The Supreme Court and the Environment: The Reluctant Protector
By: Michael Allan Wolf (author)Hardback
1 - 2 weeks availability
Silent Spring (1962) can arguably be cited as one of the most influential books of the modern era. This book, along with 1960's rampant activism reacting to high-profile ecological calamities, helped create the modern environmental movement. The Supreme Court and the Environment, discusses one of this movement's most important legacies, namely the body of federal statutory law amassed to fight pollution and conserve natural resources that began with the enactment of the National Environmental Policy Act of 1969. Instead of taking the more traditional route of listing court decisions, The Supreme Court and the Environment puts the actual cases in a subsidiary position, as part of a larger set of documents paired with incisive introductions that illustrate the fascinating and sometimes surprising give-and-take with Congress, federal administrative agencies, state and local governments, environmental organizations and private companies, and industry trade groups that have helped define modern environmental policy.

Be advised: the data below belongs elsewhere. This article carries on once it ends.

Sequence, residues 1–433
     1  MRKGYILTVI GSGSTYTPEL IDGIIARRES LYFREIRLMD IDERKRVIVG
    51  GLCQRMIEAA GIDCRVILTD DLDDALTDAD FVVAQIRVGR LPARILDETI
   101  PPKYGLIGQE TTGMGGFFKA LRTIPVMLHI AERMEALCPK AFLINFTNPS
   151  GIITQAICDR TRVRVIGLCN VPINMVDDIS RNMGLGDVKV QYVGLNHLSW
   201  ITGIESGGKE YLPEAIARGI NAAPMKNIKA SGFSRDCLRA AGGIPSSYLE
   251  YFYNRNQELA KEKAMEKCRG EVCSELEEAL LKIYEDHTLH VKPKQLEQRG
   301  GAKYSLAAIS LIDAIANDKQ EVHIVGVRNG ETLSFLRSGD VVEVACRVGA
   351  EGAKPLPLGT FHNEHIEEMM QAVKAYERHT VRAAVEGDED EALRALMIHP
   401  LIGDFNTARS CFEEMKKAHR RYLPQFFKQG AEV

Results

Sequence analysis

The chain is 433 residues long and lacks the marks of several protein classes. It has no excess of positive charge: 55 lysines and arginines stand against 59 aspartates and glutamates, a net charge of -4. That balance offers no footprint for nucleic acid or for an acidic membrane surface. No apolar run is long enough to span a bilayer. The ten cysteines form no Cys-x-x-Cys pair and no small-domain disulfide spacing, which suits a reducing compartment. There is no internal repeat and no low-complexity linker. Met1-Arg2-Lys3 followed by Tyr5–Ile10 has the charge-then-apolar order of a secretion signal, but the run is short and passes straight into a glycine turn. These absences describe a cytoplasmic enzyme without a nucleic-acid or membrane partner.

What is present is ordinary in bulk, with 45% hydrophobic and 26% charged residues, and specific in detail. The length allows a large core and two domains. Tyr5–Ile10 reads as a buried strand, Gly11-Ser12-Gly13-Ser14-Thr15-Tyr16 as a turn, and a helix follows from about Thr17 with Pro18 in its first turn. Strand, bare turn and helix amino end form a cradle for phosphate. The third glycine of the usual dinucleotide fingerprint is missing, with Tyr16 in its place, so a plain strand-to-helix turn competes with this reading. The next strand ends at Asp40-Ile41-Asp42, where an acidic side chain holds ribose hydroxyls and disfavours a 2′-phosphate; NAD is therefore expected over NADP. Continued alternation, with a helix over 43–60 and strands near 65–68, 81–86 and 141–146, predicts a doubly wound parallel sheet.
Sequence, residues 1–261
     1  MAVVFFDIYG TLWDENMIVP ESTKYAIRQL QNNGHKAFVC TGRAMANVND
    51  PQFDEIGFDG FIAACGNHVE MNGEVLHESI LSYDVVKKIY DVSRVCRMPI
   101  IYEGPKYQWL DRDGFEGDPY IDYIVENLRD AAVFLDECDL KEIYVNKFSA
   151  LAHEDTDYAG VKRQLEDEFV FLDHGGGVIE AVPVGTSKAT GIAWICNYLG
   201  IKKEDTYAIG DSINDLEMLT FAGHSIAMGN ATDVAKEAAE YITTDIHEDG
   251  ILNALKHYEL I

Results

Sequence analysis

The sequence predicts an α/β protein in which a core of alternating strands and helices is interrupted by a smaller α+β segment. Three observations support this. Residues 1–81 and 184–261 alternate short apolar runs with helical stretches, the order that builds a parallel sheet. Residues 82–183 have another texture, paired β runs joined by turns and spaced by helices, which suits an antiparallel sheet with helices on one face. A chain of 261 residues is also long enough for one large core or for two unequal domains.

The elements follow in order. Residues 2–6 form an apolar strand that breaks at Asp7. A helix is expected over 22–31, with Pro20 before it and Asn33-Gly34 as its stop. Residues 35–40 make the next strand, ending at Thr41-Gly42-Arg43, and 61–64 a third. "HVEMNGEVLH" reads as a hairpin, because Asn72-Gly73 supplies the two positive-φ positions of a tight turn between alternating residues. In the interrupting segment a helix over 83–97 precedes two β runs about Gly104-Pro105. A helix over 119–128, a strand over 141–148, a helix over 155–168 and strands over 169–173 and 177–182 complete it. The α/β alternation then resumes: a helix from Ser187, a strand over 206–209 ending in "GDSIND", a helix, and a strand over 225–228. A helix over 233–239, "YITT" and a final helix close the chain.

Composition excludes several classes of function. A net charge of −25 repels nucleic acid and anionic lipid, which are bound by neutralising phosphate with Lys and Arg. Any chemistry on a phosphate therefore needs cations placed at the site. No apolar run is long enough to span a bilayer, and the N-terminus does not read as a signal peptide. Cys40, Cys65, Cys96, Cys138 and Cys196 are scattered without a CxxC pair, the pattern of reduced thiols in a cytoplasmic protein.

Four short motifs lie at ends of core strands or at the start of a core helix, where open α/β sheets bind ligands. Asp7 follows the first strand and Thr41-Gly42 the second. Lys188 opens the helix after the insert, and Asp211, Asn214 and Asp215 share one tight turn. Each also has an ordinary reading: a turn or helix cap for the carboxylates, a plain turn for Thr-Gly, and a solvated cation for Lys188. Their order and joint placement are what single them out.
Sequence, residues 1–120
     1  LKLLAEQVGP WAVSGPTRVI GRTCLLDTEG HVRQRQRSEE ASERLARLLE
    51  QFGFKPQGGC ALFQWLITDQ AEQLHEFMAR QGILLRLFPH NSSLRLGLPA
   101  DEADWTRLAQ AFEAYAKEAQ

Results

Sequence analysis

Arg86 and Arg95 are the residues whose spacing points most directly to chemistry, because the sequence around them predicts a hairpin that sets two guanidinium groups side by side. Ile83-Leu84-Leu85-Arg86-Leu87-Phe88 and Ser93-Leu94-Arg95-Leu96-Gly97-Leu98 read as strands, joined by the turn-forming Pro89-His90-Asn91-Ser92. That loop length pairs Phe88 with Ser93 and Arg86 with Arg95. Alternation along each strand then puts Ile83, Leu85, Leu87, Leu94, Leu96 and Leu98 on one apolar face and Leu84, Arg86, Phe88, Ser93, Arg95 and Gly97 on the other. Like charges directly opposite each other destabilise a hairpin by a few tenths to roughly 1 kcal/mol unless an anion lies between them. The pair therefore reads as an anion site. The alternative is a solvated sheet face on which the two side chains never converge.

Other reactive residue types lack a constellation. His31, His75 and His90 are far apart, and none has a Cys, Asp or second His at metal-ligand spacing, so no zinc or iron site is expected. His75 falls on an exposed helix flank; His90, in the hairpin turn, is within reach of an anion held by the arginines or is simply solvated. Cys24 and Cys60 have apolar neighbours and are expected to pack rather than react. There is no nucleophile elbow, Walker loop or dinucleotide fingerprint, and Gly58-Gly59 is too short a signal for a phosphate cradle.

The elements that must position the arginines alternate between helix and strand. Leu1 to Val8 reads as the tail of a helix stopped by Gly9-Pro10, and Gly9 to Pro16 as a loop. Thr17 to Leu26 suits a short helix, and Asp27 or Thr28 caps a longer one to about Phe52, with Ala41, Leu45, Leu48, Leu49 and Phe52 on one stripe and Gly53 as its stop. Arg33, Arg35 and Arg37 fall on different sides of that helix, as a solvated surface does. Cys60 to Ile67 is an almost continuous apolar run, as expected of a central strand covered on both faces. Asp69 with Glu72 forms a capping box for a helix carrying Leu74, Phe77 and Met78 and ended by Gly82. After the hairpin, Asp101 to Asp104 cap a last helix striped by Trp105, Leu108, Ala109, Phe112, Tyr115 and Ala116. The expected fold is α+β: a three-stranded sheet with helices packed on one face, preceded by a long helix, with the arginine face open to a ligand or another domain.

Michael Wolf is the Richard E. Nelson Chair in Local Government Law at the University of Florida. Most recently, he co-authored Land Use Planning and the Environment: A Casebook with Charles Haar.
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- ID: 9780872899759
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